It was a bit of a strange Field Day for the OSC Amateur Radio Club, what with not being able to set up a club operation.
But that doesn’t mean we were off the air! Here’s what some of our members did over the weekend.
VE3WGK installed a 40m dipole as a horizontal vee (marked with orange safety tape) on the lawn beside his apartment. The feed point is at the right-hand edge of the photo, about 5' high in a tree.
Ward has one of the most challenging locations for ham radio, a first-floor apartment. But he made an impressive 41 contacts on 75m, 40m and 20m SSB using a 40m dipole fed with 300-ohm twin lead and an automatic tuner. Most astounding, the feed point of his antenna was only about 5′ above ground and the ends about 1′ above ground, secured with tent pegs! Ward’s station was battery-powered too.
Bill Preston K8SJ and I set up an understaffed 1A station in St. Joseph MI. Our site was located on the bluffs of Lake Michigan a few hundred meters from the old Heathkit factory. We had a beautiful new Honda 2000 generator, a K3 transceiver and a G5RV antenna up about 20 meters. We did well with 760 contacts with all 50 states and 8 provinces running 100W. We used the call of a former St. Joseph radioman for the US Navy, George Jones W8SIO, who went down with his ship during the Pearl Harbor attack. The call was next assigned to the local high school radio club station. K8SJ now has W8SIO as the call for the St. Joseph High School Amateur Radio Club Alumni Association. Hopefully more alumni will participate next year.
Well the family was very busy over the weekend. I was able to sneak a little time for FD but my vertical wire on 40 is far too noisy to use LSB…tried several very strong stations but was not heard with about 35 W output. CW is another matter and was able to get on 40 CW for about 60 minutes on Saturday and 45 minutes on Sunday. A total of 32 Qs and 12 sections. My only CT contact was with W1AW near the end of the test. Not bad for a lousy antenna and 35 W.
I operated class 1D from home with my usual boat-anchor lineup: Collins KMW-2 transceiver, D-104 mike, Johnson MatchBox tuner and a 34′ piece of wire on the apartment balcony 60′ above ground (facing south). It was SSB for me, as the rig was not designed for CW. I usually work 40m only, since I can’t load the antenna on 20m and I seldom hear much on 15m and 10m. But this time, there were lots of signals on 15 and 10, and I found that the wire loaded up beautifully on both bands. Made 81 contacts, including W1AW (which had gorgeous audio), a KP4, and a lot of GOTA stations with enthusiastic young voices. Had a great time!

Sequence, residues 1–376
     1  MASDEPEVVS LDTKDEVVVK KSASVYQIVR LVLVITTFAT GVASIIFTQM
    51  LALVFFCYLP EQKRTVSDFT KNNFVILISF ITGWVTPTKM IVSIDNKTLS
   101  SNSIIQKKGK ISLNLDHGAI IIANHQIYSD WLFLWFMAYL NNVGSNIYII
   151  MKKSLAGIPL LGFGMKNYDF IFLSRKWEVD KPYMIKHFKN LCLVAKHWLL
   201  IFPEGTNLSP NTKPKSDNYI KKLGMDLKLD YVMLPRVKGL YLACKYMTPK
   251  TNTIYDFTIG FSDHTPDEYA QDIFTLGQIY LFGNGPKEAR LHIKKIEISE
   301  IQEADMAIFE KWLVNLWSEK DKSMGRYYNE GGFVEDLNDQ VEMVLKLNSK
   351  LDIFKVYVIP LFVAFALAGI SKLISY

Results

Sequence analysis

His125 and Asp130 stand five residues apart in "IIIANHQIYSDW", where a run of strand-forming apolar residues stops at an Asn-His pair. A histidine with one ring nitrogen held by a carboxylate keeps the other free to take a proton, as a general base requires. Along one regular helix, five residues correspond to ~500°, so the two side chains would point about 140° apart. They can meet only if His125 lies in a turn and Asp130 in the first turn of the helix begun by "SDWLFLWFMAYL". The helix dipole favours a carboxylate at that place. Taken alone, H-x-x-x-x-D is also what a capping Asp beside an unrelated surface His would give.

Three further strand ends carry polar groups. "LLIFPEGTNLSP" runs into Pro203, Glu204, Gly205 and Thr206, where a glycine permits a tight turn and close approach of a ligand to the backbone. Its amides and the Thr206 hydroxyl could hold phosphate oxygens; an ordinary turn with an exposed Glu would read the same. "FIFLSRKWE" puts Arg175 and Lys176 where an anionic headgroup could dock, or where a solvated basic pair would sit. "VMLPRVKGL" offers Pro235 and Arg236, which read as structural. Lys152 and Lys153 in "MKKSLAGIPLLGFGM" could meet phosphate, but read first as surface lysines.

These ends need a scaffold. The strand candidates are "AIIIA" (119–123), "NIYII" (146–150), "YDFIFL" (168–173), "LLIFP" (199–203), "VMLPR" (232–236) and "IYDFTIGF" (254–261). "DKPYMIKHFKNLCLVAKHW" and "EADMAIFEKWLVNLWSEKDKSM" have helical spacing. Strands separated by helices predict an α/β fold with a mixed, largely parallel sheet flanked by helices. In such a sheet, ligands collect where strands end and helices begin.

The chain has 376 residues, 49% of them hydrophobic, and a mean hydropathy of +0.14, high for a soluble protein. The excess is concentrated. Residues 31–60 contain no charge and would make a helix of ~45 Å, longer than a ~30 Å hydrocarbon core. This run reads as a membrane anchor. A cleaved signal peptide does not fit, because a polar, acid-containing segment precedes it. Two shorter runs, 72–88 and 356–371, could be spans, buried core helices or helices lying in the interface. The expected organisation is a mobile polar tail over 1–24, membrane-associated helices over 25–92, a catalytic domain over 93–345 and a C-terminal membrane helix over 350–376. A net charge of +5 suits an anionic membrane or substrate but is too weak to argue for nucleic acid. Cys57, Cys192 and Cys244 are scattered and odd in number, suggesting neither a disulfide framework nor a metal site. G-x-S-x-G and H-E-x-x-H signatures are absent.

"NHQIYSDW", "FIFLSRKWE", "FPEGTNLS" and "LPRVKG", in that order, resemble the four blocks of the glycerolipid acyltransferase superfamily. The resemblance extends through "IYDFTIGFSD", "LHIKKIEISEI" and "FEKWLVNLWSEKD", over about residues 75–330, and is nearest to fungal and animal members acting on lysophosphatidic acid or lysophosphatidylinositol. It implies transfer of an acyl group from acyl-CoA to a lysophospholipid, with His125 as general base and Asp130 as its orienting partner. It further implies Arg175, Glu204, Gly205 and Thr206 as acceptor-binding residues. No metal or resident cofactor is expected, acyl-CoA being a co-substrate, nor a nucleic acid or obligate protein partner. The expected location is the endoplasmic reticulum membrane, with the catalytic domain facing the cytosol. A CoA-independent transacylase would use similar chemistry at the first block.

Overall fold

I was busy during the weekend and was able to monitor 15m & 20m from my QTH on Saturday night during 22:00-23:00 UTC only. I used my HF portable receiver and an outdoor wire antenna. Unfortunately, I had an extremely high level of static (some sort of impulse noise across the band and strong AM modulation on certain frequencies; plasma TVs?). As a result I had to discard the external antenna and use the telescopic one at the receiver. CW reception was quite good but SSB was poor. I did not try digital modes. Due to the strong noise and attenuation, I could only receive the strongest signals:
20m: VE3ZM, A2MW, KB2BSA – there was a big pile up but I could not hear most of the other parties well
15m: K9SH – big pile up
The contacts were very short (well, it was a contest after all, right?) and a bit boring because I could not hear other parties well. The signal was fading very often thus making reception even more difficult.
After I moved on to VHF/UHF bands, I came across an active VHF echolink repeater (441.950MHz @ VA3XFT) re-transmitting a field day net from beautiful California which I then monitored for some time. The net was operated by Suzi WA6DKS and had many operators connecting from many different states using either VHF/UHF echolink repeaters or just plain echolink.
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